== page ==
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A love-song to the senses which allows its ingredients to sing. Like a Dolly Parton and Kenny Rogers duet, fish and potato come together like Islands in the Stream to make a mouthwatering classic. But don't be fooled into thinking these two flavour powerhouses are divas. They are backed up by a trio of herbs and spices that come together in harmony to create a versatile Fishcake that can be enjoyed as a main meal or snack.

How to make Fishcakes

St Helena Fishcakes

Course Appetizer, Main Course, Snack
Cuisine Saint, Saint Helena, Saint Helena Island, St Helena, St Helena Island
Author The Saint Cooks
Total Time 1 hour
Servings 18 Fishcakes


  • 450 g Fish (Saints love Tuna, but works with any Fish)
  • 450 g  Potatoes
  • 1 Onion (Large, Chopped)
  • 2 Rashers of Bacon (Finely Chopped)
  • 1 Chilli
  • Salt and Pepper to taste


  • Wash fish.  Shred or mince fish with a knife until very fine.
  • Peel, dice and boil potatoes.  Then mash them.
  • Heat oil and fry onion, bacon and chill until onion starts to brown.  Remove from heat.
  • Combine the onion, bacon and chill with the potatoes.
  • Add the fish to the mixture while potatoes are still hot and mix it together.  Then mix in the beaten egg, and season with Salt and Pepper.
  • Form patties with your hands (about 5 cm in diameter), flatten slightly and dust with flour if necessary. 
    Tip 1: Wash hands regularly to prevent the mixture from sticking to your hands when forming patties.  
    Tip 2: Uncooked patties can be frozen for frying later.  Defrost patties completely before frying.
  • Fry patties in hot oil until both sides are golden brown.
  • Serve as a main meal with rice and vegetables, or as a snack in a roll.


Serving suggestion: Saints like their Fishcakes with some Rice and Vegetables with some Onion gravy.  Or in a nice crusty roll with some Onions and their favourite sauce.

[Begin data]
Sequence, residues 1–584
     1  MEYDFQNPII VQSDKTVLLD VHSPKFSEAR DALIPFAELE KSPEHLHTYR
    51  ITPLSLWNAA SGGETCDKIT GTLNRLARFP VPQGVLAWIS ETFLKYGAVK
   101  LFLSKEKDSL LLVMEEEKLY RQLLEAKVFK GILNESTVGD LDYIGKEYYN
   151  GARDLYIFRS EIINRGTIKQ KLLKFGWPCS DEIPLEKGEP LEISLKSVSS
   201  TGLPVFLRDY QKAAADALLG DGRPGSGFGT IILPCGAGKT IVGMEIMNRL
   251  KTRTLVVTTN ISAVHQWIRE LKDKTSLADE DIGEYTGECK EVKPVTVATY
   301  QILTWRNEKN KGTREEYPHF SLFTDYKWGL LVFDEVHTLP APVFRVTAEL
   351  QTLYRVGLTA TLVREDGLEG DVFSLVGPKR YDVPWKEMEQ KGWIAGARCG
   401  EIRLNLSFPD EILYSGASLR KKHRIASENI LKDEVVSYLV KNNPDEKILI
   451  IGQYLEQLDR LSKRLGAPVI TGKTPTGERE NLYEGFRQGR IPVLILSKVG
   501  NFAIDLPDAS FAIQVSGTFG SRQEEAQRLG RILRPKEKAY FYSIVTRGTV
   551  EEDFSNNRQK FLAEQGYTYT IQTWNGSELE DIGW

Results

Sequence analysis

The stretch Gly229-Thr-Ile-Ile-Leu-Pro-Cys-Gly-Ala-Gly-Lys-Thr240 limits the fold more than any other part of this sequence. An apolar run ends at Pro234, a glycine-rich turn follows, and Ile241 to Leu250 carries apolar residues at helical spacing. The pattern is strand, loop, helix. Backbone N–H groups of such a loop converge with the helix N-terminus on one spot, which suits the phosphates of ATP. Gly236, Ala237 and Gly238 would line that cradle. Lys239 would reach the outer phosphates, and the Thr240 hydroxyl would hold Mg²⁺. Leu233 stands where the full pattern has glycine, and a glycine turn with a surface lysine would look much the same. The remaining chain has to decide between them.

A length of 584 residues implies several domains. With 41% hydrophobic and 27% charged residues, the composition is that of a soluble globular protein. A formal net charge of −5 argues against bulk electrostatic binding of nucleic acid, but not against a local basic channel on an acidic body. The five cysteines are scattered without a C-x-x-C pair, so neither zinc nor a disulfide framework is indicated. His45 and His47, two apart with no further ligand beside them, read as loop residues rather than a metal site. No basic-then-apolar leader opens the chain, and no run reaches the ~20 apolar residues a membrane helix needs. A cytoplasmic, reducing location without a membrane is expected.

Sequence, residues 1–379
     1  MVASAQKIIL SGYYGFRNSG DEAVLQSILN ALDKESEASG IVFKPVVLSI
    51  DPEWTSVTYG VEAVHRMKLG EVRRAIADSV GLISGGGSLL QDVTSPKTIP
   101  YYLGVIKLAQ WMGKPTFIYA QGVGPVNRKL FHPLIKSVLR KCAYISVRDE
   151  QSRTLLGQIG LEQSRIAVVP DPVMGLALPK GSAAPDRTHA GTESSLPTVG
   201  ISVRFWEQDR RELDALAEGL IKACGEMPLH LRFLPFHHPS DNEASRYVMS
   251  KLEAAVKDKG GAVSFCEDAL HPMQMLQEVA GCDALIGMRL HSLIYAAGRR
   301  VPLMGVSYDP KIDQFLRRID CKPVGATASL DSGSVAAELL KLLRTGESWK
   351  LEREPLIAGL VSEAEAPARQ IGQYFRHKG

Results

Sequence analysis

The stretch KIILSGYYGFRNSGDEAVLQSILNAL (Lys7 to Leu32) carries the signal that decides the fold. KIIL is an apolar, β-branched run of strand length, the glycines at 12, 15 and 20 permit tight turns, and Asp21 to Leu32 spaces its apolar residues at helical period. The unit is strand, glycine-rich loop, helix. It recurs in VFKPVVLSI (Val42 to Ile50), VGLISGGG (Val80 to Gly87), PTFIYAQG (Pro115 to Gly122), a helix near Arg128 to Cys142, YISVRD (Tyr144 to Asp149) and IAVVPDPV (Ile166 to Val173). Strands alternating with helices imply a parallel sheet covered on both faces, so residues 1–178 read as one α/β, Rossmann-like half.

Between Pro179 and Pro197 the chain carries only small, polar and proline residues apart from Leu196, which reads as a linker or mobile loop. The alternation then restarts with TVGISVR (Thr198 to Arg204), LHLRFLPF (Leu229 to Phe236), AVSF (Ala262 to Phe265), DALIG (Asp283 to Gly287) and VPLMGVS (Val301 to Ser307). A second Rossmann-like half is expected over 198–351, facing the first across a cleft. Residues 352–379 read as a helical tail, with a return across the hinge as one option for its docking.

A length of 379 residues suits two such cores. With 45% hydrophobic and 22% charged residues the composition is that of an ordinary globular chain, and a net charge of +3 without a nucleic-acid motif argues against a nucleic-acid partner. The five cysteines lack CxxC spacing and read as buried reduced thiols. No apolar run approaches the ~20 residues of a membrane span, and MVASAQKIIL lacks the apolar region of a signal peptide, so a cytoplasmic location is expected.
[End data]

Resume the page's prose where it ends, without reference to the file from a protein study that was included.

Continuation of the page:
Fishcake recipe

Fishcake recipe card available

Beautifully printed, set of wipe clean recipe cards with stunning images of St Helena

Memories about Fishcakes

   Memory from Emma-Jane Richards

As a child, it always felt like all our weekly meals were fish in some form or another.  Fish Curry, Fish Mince, Fried fish, Roe, conger bones, ‘bite’ mackerel soup, Tuna Plo’, Fish in Batter and of course Fish Cakes.  I remember watching my nanny standing in her small kitchen rolling ‘bite’ fish cakes into perfect round patties rocking from side to side as she hummed hymns as she worked.  I think of her singing in her kitchen every time I’m making fishcakes in my kitchen, even now 30 years later, as if it was yesterday. Papa, Daddy and my uncles would always be fishing on the rocks and on a boat.  And I can remember my Dad would bring home soldiers, Jacks, Grouper and sometimes conger in a big blue bucket for my Mum to make all kinds of delicious fish meals.  

Fishcakes were always my favourite.  Mummy would serve it with onion gravy and string beans for dinner and any that were left over were used for my school lunch the next day.  I can remember as a kid loving fishcake sandwiches.  Fresh bread from Solomon’s bakery, a fishcake mashed up and smothered in salad cream….hmmmm makes my mouth water just thinking about it.  

   Memory from Robin Richards

The taste of a hot fishcake straight from the frying pan is a food delight, and an underrated part of Saint culture.  I realised the special place Fishcakes hold in Saint Helenian culture the day I organised a demonstration of how to make them Saint style to a group of visiting yachtsmen.  People watched fascinated as the herds were mixed in with the mashed potato, and heeps of fresh fish.  The simple process of shaping the fishcakes, then directly into some hot oil – beautiful!  So fresh and true to its ingredients.

I still struggle to shape the fishcake as well as my Mum, or Emma-Jane.  There is still one or three which break away upon frying.  I like to think of those as the cook’s reward.

Share a memory about Fishcakes

We would love to hear what made the recipe special for you.
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What makes St Helena food so tasty


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